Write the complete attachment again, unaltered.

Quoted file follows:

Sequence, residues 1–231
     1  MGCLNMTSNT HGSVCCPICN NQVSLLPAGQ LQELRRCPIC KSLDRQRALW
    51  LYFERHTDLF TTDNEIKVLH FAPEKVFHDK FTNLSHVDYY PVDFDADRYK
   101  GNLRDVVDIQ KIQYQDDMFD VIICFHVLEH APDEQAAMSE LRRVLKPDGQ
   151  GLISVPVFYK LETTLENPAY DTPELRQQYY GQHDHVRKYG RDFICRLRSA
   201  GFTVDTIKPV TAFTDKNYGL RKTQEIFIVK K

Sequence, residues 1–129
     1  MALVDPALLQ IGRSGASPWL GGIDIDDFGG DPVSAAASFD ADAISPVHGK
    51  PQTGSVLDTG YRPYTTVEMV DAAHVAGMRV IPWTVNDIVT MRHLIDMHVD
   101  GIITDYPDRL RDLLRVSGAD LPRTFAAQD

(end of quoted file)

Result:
Sequence, residues 1–231
     1  MGCLNMTSNT HGSVCCPICN NQVSLLPAGQ LQELRRCPIC KSLDRQRALW
    51  LYFERHTDLF TTDNEIKVLH FAPEKVFHDK FTNLSHVDYY PVDFDADRYK
   101  GNLRDVVDIQ KIQYQDDMFD VIICFHVLEH APDEQAAMSE LRRVLKPDGQ
   151  GLISVPVFYK LETTLENPAY DTPELRQQYY GQHDHVRKYG RDFICRLRSA
   201  GFTVDTIKPV TAFTDKNYGL RKTQEIFIVK K

Sequence, residues 1–129
     1  MALVDPALLQ IGRSGASPWL GGIDIDDFGG DPVSAAASFD ADAISPVHGK
    51  PQTGSVLDTG YRPYTTVEMV DAAHVAGMRV IPWTVNDIVT MRHLIDMHVD
   101  GIITDYPDRL RDLLRVSGAD LPRTFAAQD